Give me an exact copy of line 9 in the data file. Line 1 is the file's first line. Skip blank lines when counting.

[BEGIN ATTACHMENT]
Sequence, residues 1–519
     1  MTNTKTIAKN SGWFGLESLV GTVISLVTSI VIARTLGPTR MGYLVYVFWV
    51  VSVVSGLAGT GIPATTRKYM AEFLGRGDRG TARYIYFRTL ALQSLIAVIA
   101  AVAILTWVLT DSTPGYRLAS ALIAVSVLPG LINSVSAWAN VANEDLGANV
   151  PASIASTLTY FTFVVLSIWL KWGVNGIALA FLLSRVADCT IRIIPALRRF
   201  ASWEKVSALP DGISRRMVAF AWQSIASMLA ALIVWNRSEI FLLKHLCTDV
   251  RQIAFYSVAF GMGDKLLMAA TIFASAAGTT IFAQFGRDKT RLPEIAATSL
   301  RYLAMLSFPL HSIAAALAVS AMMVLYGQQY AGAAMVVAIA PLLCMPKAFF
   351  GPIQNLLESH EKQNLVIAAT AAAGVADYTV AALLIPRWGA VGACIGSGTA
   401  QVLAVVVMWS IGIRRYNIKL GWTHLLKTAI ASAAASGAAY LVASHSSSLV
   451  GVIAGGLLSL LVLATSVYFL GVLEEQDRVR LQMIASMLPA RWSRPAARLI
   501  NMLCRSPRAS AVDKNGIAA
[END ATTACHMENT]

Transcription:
   351  GPIQNLLESH EKQNLVIAAT AAAGVADYTV AALLIPRWGA VGACIGSGTA